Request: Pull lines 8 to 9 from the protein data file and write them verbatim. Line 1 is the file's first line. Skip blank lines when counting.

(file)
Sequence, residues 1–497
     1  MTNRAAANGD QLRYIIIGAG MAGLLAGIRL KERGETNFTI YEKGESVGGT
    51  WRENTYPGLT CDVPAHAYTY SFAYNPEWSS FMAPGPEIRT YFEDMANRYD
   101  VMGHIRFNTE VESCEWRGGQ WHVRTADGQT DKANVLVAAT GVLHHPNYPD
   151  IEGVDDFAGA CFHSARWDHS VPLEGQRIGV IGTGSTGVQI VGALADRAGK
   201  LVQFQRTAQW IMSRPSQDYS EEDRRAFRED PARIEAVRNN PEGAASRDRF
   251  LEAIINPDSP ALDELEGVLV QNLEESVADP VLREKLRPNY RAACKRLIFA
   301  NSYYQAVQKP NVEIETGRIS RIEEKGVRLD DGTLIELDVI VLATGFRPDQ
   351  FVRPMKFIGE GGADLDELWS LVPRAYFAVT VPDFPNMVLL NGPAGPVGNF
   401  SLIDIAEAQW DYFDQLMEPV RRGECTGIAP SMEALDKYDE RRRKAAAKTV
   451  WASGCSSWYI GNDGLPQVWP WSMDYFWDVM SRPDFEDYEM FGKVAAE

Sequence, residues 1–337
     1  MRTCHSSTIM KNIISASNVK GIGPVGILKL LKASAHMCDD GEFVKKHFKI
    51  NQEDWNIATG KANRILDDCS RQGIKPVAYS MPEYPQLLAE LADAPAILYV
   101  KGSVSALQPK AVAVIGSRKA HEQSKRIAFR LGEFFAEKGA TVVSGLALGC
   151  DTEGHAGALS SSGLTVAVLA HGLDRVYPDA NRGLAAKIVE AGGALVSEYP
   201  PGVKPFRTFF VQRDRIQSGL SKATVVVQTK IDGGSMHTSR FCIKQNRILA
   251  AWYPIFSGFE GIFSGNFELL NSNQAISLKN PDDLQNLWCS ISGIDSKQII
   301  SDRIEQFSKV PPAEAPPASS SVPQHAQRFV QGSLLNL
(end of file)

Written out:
   301  NSYYQAVQKP NVEIETGRIS RIEEKGVRLD DGTLIELDVI VLATGFRPDQ
   351  FVRPMKFIGE GGADLDELWS LVPRAYFAVT VPDFPNMVLL NGPAGPVGNF